December 2, 2008 / 5:06 PM / 9 years ago

UPDATE 3-Scotiabank's 2009 outlook is below expectations

*Scotiabank Q4 profit down 67 pct to C$315 mln

*Bank sees ‘moderate overall growth’ in 2009

*Sets 2009 target of 7-12 percent EPS growth

*Stock drops 7.1 pct to close at C$32.38 (Adds comments from CEO, analysts; updates stock price and adds byline)

By Lynne Olver

TORONTO, Dec 2 (Reuters) - Bank of Nova Scotia (BNS.TO) said on Tuesday that quarterly profit fell 67 percent, which was not a surprise since the bank gave the market early warning about writedowns in its Scotia Capital unit.

But the bank’s outlook for “moderate” growth in 2009 was below some analysts’ expectations, and helped send its stock down more than 7 percent on the Toronto Stock Exchange on Tuesday.

Scotiabank said it is targeting 7 percent to 12 percent growth in 2009 earnings per share, implying a 2009 EPS range of C$3.26 to C$3.42 a share, after the bank earned C$3.05 a share in 2008.

RBC Capital Markets analyst Andre-Philippe Hardy said he had been looking for profit of C$3.45 next year, and Merrill Lynch analyst Sumit Malhotra said in a note that he was unsure how literally to interpret the below-consensus guidance.

“The world causes us to be cautious,” Scotiabank President and Chief Executive Rick Waugh told a conference call when asked about the bank’s earnings outlook.

Loan loss provisions are expected to rise and foreign exchange rates are volatile, but the bank still wanted to provide an earnings growth target that was prudent and achievable, Waugh said.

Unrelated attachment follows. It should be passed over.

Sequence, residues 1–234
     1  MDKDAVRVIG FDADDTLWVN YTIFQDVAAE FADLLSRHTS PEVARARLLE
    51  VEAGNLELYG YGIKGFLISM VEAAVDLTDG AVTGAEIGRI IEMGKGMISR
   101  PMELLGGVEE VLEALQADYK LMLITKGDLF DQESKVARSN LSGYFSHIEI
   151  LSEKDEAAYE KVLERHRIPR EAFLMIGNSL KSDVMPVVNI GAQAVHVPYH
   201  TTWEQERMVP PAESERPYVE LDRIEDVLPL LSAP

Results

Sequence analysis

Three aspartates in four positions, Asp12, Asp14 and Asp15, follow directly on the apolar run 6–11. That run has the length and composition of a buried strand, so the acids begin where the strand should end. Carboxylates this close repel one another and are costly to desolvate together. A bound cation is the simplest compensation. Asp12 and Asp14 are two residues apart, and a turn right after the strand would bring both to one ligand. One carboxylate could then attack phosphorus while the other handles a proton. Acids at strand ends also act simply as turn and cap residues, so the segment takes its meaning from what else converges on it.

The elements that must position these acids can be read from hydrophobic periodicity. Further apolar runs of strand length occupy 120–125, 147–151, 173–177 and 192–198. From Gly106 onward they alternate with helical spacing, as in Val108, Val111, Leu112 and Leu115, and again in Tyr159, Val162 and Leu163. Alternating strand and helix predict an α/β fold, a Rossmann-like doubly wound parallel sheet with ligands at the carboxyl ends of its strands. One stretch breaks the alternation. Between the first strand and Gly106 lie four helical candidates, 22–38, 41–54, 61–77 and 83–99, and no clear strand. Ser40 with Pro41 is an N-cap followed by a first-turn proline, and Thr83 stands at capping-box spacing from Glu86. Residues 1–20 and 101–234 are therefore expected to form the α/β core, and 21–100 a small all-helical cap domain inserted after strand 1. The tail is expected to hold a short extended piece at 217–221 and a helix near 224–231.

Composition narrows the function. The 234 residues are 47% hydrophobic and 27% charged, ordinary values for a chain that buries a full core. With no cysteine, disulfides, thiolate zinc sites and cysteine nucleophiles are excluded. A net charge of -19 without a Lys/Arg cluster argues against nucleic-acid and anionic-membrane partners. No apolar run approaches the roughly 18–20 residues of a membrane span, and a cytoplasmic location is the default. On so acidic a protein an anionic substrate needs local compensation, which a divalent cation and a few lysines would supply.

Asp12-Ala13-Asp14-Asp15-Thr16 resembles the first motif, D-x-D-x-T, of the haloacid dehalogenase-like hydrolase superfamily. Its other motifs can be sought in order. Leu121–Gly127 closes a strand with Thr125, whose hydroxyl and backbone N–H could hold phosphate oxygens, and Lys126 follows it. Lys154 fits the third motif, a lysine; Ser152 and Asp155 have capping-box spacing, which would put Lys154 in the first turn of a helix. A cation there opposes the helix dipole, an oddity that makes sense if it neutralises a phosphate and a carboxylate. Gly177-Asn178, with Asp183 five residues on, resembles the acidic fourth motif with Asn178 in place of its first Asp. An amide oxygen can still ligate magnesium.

“Hopefully we’ll overachieve,” he added.

Scotia, Canada’s third largest bank, also aims to have return on equity of 16 percent to 20 percent next year, reflecting “the realities of the current environment,” Waugh said.

That is down from its target of 20-23 percent for 2008. Actual return on equity, a key measure of profitability, was 16.7 percent in 2008.

“I would be inclined to say we’ll wait and see,” David Cockfield, senior vice president at Leon Frazer & Associates, said about the bank’s outlook. The economy could deteriorate more rapidly than business executives expect, he added.

For the final quarter of its fiscal 2008, Scotiabank’s net income fell to C$315 million ($254 million), or 28 Canadian cents a share, in the three months ended Oct. 31. That was down from C$954 million, or 95 Canadian cents, in the year-earlier period.

A slew of securities charges cut earnings by 65 Canadian cents a share, slightly more than the bank had warned the market about on Nov. 18.

Analysts had expected profit of 95 Canadian cents a share before items, and 34 Canadian cents on a net basis, according to Reuters Estimates.

The bank disclosed last month that it would take writedowns of about C$595 million after tax, while actual writedowns amounted to C$642 million. These were related to trading losses after the bankruptcy of Lehman Brothers Holdings LEHMQ.PK, and fair-value adjustments on a variety of securities and derivatives in volatile debt and stock markets.

Its provision for credit losses doubled in the fourth quarter to C$207 million, as provisions were raised in its international retail portfolios and in Canadian banking.

Scotiabank said it sees “significant uncertainty” for the financial sector in 2009, but anticipates “moderate overall growth” because of its diversified businesses.

Its priorities will be risk management and expense control next year, but the bank does not see any “forced layoffs,” Waugh said.

Cost controls have traditionally been a strength at Scotiabank, said Brenda Lum, a credit analyst at rating agency DBRS.

“They’ve always been very lean to start with,” Lum said. “They’ve been able to manage their expenses, particularly in times of declining revenue.”

Net income in Canadian banking, which includes wealth management and and commercial banking, rose 6 percent in the quarter to C$466 million. Adjusted for a one-time gain a year earlier, profit in the Canadian banking unit jumped 35 percent.

$1=$1.24 Canadian Additional reporting by Jennifer Kwan in Toronto; editing by Peter Galloway

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